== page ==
These are just some of the issues that need to be addressed.  Everything depends on your processing requirements and needs.

After the requirements have been compiled, have another meeting with the key stakeholders to review.  This will help to clarify any ambiguities.  Once everyone has agreed to the requirements you can determine what, if anything, you will need to buy.  You can then put together your RFP to send out to vendors.

The time spent on the front end gathering detailed requirements helps to eliminate unnecessary delays and affects system quality.

Choosing a Clearinghouse/VAN

Choosing your clearinghouse or VAN is a very important step, especially if you are in healthcare.  In healthcare you need to make sure they are HIPAA compliant, which means they will be able to handle all the mandated transaction sets.  Other industries have different requirements.  Whichever clearinghouse you choose, you need to make sure they can handle all the transaction sets you might want to utilize.

When shopping for your clearinghouse or VAN, make a check list of your requirements.  Here are a few of the most common questions you’ll want to address in creating your list:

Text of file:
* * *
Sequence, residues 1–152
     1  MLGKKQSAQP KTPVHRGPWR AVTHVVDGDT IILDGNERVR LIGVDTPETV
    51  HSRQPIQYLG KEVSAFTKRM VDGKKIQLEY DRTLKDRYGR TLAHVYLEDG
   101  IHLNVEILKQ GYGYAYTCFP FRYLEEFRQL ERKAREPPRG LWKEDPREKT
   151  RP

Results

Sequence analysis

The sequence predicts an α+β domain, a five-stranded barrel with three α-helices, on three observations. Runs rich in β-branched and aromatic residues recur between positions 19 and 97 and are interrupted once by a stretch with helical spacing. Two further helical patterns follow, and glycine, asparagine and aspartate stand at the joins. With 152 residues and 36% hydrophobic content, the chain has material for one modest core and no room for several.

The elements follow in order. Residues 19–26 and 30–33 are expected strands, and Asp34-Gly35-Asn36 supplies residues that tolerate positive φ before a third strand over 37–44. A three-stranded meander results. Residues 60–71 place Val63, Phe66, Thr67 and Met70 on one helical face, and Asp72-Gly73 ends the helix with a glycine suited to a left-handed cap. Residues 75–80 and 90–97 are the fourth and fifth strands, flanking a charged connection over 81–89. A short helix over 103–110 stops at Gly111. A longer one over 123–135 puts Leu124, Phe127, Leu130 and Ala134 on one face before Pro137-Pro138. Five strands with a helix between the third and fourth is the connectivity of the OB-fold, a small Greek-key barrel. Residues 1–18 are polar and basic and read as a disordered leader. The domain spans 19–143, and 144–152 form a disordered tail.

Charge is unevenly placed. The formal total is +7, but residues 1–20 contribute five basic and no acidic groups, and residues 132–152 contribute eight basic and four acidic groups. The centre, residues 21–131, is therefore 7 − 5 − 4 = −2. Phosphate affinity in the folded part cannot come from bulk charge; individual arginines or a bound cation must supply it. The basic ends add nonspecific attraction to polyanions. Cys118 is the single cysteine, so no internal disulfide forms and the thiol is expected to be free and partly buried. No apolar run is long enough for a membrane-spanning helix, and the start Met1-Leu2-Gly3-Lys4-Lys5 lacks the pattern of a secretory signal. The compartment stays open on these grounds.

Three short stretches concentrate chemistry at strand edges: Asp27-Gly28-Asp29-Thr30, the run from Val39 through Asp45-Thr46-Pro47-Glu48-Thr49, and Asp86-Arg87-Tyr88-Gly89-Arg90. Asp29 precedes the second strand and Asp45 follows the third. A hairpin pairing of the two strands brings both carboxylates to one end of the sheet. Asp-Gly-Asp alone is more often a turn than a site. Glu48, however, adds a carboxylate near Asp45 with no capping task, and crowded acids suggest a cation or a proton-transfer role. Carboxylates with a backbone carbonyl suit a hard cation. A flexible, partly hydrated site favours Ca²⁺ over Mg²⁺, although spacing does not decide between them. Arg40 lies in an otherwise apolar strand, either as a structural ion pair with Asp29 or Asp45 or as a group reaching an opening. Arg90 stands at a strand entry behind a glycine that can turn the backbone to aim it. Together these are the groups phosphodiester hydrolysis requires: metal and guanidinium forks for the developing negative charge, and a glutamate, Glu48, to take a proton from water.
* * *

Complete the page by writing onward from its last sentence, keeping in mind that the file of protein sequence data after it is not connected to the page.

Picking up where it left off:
1. What transaction sets can they handle?  In healthcare, some of the transaction sets would be 834, 837, 835, 270/271, 276/277, etc.
  2. What is the problem resolution process?  Who do you contact?  How is the issue resolved?  If there is a programming change how long does it take for the change to be effective?
  3. How is data transmitted?  Is this done via web connection, SFTP, FTP, etc?
  4. How often is data transmitted?  Is data transmitted real time, batch, once daily, etc?
  5. What is the cost per transaction set?  Is the charge per ISA, transaction set, or bytes?
  6. What is the initial set up fee?
  7. What is the contract period?
  8. What additional expenses are required?  Do you need additional hardware, software, programming, etc. to trade data with the clearinghouse?

It is a good idea to have at least 2 different proposals put together.  Best case and acceptable scenarios, with justification for each.  This will give management a good idea of why you are proposing a particular clearinghouse/VAN.

Once you have gathered all the information you can put together the proposed budget for this implementation.

Whether this is an implementation of its own or part of a larger implementation, keep in mind to get all affected parties involved.  This will help eliminate issues further down the road.